Opinion – 11 March 2022

Growing up near the English Channel in the UK, I remember pebbles, funfairs, candy-floss and deckchairs. I also remember murky brown waters that I couldn’t see my feet through, and only ever dipped in for a quick cool down on warm days. Researchers have discovered that due to human activity and heavy industry the English Channel is a “cocktail of pollutants” including numerous heavy metals. No wonder I couldn’t get out of the water fast enough and didn’t develop an affinity for the ocean until much older.

Fast forward to my weekend kayaking and swimming with the children in Norfolk Bay in Tasmania, and it couldn’t feel further removed from those summer days in England. Clear, clean, sparkling, blue-green tinted waters. Fish swimming all around us. A curious pipefish coming to say hello.

I’m not trying to paint a romantic picture of Tasmania’s wild coastlines as entirely untouched or pristine, I know this is not the truth. But I want to express how fortunate I feel to be here and how the ecological richness of this coastline is very special. Reports have shown that a significant portion of Tasmania’s coastline is pristine, which includes unique, undisturbed environments that are globally rare.

Tasmania is in the unique position of being at the convergence of three ocean currents resulting in a mixture of warm, nutrient-poor waters from the North and West, and cold nutrient-rich waters from the south. The majority of fish, mollusc and seastar species are found nowhere else on the Globe. This is something to collectively shout about and be proud of. The world’s rarest fish is also found here, the charismatic Red Handfish. These incredible ecosystems and marine life are part of the Tasmanian commons.

With the forming of the Blue Economy CRC in 2021, the oceans are the next frontier for big business with ambitions of carving them up for giant fish farming factories combined with mega wind farms. This vision terrifies me, one where our oceans are treated as a commodity for industrial exploitation rather than the fragile network of ecosystems on the verge of collapse that they are.

The environmental concerns about Big Salmon always come hand-in-hand with the issues of lack of transparency and poor regulation. The Tasmanian lower house recently quietly passed a bill amending the Living Marine Resources Act to allow the State Government to take control of aquaculture expansion operation in Commonwealth waters. This bill will now be debated in the Upper House this week. Let’s pray that the members represent the view of the majority of Tasmanians who wish for a genuine halt to the expansion of this industry, and vote against this bill. Polling by the Australia Institute in 2021 found that 63% of Tasmanians believed that salmon farm expansions in Tasmania must be paused and 63.5% were concerned that the health of Tasmania’s coastal waters is declining. Offshore salmon expansion must simply be out of the question and instead the health of our marine environment prioritised.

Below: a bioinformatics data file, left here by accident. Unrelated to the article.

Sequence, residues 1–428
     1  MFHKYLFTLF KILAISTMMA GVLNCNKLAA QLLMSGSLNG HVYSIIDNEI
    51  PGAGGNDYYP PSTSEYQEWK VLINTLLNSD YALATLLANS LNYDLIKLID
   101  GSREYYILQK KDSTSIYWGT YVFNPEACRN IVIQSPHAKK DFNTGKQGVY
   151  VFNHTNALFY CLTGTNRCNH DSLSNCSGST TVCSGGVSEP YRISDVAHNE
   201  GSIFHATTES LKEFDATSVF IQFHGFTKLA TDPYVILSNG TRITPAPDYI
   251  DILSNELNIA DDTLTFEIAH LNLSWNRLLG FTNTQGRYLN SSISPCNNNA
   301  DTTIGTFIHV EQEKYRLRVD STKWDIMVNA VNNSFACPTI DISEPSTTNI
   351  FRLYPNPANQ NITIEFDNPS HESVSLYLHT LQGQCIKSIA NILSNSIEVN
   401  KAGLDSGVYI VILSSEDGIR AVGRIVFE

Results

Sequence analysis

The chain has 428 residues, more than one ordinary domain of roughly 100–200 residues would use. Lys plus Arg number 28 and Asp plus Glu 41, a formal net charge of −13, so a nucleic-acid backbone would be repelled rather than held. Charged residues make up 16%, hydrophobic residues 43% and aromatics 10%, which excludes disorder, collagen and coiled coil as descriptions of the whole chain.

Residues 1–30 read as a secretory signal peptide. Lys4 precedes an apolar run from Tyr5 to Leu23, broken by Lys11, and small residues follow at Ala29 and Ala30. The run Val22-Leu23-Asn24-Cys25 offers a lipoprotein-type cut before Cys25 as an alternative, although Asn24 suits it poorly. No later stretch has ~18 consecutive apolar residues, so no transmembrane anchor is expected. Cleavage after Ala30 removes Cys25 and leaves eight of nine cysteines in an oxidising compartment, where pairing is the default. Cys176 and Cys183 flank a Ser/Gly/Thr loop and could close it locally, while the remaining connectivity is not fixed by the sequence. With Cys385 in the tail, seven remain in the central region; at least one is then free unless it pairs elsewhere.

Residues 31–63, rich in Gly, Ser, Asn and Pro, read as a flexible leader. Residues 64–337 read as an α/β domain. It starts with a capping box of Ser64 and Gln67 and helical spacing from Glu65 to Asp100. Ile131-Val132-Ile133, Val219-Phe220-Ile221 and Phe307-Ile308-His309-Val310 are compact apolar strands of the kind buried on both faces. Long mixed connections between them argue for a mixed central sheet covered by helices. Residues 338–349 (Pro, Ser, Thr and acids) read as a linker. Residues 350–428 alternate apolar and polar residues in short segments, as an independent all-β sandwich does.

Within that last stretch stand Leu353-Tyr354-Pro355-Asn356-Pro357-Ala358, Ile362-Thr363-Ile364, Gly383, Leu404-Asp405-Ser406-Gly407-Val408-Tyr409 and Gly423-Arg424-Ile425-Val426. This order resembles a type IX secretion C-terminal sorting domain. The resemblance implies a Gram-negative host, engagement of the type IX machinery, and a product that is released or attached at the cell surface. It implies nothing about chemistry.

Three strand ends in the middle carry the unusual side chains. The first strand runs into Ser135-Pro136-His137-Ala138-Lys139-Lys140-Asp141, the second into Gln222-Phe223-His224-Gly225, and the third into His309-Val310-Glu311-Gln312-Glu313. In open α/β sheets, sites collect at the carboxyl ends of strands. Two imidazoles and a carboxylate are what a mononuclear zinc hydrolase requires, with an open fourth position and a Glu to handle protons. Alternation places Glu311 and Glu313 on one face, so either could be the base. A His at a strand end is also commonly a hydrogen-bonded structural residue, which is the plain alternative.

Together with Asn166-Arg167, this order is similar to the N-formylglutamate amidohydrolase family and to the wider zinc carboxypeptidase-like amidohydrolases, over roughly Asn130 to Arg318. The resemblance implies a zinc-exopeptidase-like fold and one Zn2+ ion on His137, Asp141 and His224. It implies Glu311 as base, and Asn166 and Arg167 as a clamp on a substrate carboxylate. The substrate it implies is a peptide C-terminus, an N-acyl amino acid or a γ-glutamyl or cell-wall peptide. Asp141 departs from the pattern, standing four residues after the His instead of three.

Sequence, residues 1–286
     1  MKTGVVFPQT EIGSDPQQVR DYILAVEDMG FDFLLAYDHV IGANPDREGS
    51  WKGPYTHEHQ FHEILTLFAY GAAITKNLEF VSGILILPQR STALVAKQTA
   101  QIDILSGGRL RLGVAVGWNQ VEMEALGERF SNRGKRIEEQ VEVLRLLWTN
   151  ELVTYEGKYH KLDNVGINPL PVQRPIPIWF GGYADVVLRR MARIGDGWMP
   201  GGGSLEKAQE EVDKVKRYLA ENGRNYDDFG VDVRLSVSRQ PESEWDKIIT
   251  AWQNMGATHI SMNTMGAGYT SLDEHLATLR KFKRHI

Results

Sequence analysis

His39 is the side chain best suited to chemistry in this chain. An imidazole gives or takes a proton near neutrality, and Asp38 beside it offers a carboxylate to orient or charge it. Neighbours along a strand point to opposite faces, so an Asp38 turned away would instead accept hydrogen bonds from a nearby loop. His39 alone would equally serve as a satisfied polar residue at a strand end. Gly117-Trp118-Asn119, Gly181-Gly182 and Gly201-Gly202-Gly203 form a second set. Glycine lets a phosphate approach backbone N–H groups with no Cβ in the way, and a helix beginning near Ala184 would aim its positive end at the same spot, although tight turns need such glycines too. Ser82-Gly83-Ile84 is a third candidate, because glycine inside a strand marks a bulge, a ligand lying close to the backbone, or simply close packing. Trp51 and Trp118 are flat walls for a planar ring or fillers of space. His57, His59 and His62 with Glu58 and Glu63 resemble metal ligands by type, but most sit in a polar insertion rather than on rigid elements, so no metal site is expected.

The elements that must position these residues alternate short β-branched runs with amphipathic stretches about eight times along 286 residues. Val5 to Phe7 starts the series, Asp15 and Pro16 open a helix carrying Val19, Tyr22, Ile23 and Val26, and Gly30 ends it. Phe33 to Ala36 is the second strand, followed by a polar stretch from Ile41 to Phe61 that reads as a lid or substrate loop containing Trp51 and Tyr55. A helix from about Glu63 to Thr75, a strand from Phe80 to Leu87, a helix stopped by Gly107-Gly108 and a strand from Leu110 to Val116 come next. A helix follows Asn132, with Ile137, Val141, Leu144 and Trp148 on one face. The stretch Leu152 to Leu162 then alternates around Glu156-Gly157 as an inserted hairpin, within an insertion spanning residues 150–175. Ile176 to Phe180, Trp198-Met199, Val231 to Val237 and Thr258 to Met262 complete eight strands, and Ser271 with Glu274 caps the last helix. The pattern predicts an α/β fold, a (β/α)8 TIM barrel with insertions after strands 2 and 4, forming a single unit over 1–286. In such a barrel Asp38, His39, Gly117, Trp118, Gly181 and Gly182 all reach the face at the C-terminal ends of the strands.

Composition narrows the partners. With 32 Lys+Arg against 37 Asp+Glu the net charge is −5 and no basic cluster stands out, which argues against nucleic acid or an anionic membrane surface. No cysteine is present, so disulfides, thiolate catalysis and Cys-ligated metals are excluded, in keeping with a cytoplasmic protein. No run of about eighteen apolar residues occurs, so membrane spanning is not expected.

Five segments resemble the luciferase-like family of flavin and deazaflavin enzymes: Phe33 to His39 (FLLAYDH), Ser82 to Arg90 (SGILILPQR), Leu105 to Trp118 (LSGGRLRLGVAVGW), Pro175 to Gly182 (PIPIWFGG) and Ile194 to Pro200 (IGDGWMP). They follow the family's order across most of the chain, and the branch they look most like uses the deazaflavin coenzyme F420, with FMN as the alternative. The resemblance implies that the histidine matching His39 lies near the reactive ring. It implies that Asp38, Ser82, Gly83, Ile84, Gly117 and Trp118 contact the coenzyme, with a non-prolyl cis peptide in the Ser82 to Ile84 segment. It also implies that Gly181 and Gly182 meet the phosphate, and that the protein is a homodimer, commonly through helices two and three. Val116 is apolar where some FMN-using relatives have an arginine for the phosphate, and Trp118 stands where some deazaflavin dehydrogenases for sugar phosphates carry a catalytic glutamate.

Now the stealth application for a research permit 3-6 nautical miles from Burnie. The community cannot be expected to have trust in their government and industry when they are continually excluded from the conversation about Tamania’s wild places and natural resources. If approved this will be the third exploration license issued to salmon companies in Bass Strait and the first one in Commonwealth waters. One single large 240m circumference fortress pen containing up to 200,000 fish would dump the equivalent dissolved inorganic nitrogen (DIN) pollution as the sewage from the entire population of Burnie. The Burnie application consultation paper offered no information about the nature of the operations, about the possible impacts to the community or impacts of nets and high nitrogen pollution in Bass Strait, home to dolphins, penguins, weedy sea dragons and a migration route for whales. Today is your last chance to have your say so I urge you to write your submissions.

This week the Living Marine Resources Management Amendment (Offshore Aquaculture) Bill 2021 will be debated in the Tasmanian Upper House.

The industry and their cronies at the Blue Economy CRC have made their aspirations of massive expansion very clear. Research permits open the floodgates for more feedlots in our ocean waters governed by an incompetent state government that should never be allowed to be in charge.

Tasmania has a choice before them, a future with clean, pure waters teeming with life or an island surrounded by industrial salmon feedlots.

The time is now to take strong action for oceans in this time of biodiversity and climate crises, not to hand over vast swathes of our ocean to big business to satisfy corporate greed.

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